Sony (SONY -0.32%) hasn't always been at the forefront of streaming gaming. The company has a streaming game subscription service called PlayStation Now, but that service has long been decried for its relatively high price point and lack of marquee games. But recently, as competitors like Alphabet's (GOOG 0.45%) (GOOGL 0.52%) new Stadia cloud gaming platform emerge, Sony has begun shaking things up.
Moving to address the weaknesses of its streaming video game service, Sony is adding some big titles to PlayStation Now. And, perhaps more importantly, it is slashing the subscription price. It's an important decision for Sony, especially as cloud gaming threatens to upend the console market in which Sony has been so successful for so long.
Sony's big move
PlayStation Now isn't new. The service has been around since 2014, an eternity in streaming video game terms. Five years ago, Sony's PlayStation 4 was barely a year old and competitor Microsoft (MSFT -0.40%) was years away from announcing Xbox Game Pass, a PlayStation Now-like service that has since drawn favorable comparisons to Sony's less generous and more expensive streaming games service.
If PlayStation Now hasn't really taken off, it may be because Sony has not seemed all that eager to emphasize it. PlayStation 4 has been a major success for Sony in the games-as-a-product era. But the games-as-a-service era may be coming whether Sony wants it to or not.
That's why Sony has teamed up with rival Microsoft to expand its cloud gaming muscle. (Upon closer inspection, that partnership is not as strange as it sounds.) It seems Sony is directly addressing the failings of PlayStation Now.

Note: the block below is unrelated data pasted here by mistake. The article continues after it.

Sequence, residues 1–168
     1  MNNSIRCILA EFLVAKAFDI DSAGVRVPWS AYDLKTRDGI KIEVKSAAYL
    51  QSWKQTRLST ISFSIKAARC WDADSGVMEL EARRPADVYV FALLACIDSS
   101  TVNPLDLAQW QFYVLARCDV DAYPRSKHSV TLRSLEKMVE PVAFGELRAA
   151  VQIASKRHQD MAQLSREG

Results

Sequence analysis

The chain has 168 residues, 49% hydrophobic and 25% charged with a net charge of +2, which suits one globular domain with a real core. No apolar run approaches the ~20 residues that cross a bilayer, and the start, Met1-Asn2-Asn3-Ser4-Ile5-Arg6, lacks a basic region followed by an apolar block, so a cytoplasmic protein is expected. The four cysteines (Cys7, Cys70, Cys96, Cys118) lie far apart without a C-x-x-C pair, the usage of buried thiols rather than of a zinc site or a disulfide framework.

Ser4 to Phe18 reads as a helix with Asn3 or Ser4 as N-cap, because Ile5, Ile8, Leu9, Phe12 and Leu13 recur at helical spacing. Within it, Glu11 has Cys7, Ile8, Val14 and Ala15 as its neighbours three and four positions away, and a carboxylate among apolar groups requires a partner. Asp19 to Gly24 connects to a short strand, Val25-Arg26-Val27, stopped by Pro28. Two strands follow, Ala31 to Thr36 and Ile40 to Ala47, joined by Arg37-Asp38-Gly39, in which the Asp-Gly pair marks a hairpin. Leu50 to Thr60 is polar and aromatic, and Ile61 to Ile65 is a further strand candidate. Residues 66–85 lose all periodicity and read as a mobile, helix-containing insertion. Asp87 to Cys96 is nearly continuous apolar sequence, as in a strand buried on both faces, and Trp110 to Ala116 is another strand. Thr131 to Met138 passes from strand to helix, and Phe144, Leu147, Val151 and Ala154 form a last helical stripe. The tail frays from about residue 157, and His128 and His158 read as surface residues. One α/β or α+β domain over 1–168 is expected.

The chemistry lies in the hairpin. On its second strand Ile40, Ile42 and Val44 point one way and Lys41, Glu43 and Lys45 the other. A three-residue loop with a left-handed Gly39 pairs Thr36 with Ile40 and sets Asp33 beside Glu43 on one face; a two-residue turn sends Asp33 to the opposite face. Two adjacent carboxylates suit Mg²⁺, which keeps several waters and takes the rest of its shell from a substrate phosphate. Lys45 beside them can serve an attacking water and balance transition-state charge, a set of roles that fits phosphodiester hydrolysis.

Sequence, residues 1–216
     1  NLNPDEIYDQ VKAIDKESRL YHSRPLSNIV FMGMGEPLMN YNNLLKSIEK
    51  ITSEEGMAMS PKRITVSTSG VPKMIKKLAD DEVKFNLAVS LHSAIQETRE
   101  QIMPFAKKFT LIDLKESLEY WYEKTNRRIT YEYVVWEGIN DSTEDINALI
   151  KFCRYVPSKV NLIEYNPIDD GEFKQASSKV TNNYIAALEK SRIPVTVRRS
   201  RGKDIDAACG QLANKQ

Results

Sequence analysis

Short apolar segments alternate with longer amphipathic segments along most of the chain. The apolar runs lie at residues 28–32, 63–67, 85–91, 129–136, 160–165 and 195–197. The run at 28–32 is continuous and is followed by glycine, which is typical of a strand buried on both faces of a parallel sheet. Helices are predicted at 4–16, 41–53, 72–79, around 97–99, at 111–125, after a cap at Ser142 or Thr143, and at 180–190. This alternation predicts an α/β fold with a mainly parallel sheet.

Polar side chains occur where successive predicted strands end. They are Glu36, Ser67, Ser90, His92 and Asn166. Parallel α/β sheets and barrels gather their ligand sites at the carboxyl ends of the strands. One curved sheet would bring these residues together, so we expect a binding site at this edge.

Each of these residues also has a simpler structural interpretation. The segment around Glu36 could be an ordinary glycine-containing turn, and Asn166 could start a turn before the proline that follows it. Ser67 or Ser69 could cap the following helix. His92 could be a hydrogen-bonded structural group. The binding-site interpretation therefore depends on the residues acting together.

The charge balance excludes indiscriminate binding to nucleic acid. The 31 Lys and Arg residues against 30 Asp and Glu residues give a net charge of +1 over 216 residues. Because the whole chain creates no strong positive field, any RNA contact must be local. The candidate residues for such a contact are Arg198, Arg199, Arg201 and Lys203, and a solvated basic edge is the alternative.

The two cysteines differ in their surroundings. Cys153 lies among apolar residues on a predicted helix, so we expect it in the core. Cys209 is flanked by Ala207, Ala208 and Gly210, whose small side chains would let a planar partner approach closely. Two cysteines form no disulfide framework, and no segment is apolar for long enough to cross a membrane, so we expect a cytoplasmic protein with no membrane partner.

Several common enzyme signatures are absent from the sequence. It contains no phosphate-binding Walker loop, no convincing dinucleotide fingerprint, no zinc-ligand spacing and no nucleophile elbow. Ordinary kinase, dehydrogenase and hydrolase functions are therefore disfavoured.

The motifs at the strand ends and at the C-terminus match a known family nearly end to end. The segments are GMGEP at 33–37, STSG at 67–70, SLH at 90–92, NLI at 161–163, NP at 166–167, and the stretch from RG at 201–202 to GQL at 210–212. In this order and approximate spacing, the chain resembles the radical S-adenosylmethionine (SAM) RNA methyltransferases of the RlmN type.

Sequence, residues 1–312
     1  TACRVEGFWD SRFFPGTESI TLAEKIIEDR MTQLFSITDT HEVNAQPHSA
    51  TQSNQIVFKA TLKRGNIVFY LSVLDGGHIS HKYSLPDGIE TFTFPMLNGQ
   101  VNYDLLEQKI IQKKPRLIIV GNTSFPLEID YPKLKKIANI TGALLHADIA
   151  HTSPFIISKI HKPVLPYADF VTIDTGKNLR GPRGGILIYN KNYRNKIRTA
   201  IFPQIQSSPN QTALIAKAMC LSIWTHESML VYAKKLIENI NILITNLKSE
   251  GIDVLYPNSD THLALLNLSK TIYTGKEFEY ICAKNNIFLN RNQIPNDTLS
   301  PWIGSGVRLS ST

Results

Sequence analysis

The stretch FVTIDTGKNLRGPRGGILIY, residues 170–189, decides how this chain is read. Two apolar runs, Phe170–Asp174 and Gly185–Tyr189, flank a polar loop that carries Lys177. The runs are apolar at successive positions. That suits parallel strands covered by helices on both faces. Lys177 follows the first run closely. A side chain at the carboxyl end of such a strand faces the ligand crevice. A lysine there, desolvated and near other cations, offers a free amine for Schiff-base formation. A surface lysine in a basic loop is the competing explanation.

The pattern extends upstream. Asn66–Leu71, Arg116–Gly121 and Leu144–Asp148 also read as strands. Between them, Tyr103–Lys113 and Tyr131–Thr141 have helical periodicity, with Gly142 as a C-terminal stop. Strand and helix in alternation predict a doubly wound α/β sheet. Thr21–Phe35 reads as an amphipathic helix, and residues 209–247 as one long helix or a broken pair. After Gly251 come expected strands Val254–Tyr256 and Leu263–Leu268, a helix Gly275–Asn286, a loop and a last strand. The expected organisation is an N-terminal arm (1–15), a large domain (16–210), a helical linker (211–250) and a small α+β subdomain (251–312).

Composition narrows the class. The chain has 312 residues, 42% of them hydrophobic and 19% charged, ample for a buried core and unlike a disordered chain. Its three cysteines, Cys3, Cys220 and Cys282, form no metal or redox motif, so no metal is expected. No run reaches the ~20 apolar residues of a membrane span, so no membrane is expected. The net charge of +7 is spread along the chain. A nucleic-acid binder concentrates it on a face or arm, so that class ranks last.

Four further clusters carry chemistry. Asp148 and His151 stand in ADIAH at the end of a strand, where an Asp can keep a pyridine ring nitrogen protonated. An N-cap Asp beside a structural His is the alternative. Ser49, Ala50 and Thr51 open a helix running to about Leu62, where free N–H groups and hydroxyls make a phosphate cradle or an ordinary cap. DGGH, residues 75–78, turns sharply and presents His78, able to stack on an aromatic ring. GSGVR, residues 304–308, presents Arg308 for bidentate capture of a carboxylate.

The headline here is the price point. Until now, PlayStation Now has cost subscribers $20 per month. That's twice the price of Microsoft's Xbox Game Pass (console-only subscription). It's twice the price of Stadia's paid subscription, too. It's also roughly twice the price of the major music streaming services and north of what consumers pay for many streaming video services -- which, while not in the same exact business space, give consumers certain expectations about streaming-subscription pricing.
Sony has brought its prices down to the industry standard by cutting the old PlayStation Now price in half. Now, like its competitors, PlayStation Now will cost $9.99 monthly in the United States.
At the same time, Sony has added some big game titles to its service. God of War, Infamous Second Son, Uncharted 4: A Thief's End, and Grand Theft Auto V are the four major additions that Sony hopes will change the reputation of its service.
Timing is everything
It makes sense that Sony would make this move now. Previously, Sony didn't have much reason to care about its cloud gaming offerings. Its PlayStation 4 console was walloping Microsoft's Xbox One in sales, and games made by Sony's game-development companies were selling like hotcakes.
The arrival of Stadia and the looming threats of cloud gaming services from other tech companies, including Amazon, has changed things. Sony is moving on cloud gaming now, as is competitor Microsoft, which is adding an all-new cloud gaming service called xCloud, despite already having a streaming gaming service in Xbox Game Pass.
Sony's move is a reaction to Stadia, which is scheduled to go live on Nov. 19, so the company behind PlayStation has some time to respond. The PlayStation 4 is the king of this generation's video-game consoles, meaning that Sony has a built-in audience for its new and improved PlayStation Now service.
With a lower price, Sony might be able to convert its existing console customers into streaming-subscription customers. If successful, it could build a subscriber base before Stadia takes off -- and before a new round of console wars starts with the release of the PlayStation 5 and Microsoft's next Xbox device, code-named "Project Scarlett."
The road ahead
Now is a great time for Sony to be shaking up its cloud gaming offerings and making a greater effort to compete with Xbox Game Pass and (soon enough) Stadia and the rest of the incoming cloud gaming crowd. But Sony still has challenges ahead of it.
Competitors like Microsoft, Google, and (soon) Amazon have cloud server muscle in-house, while Sony has to work with its own rivals to get that same kind of server space. Sony will have a harder time in the games-as-a-service era than it did in this console generation. The company will need to leverage its video-game studios and keep making smart moves like this one in order to stay on top.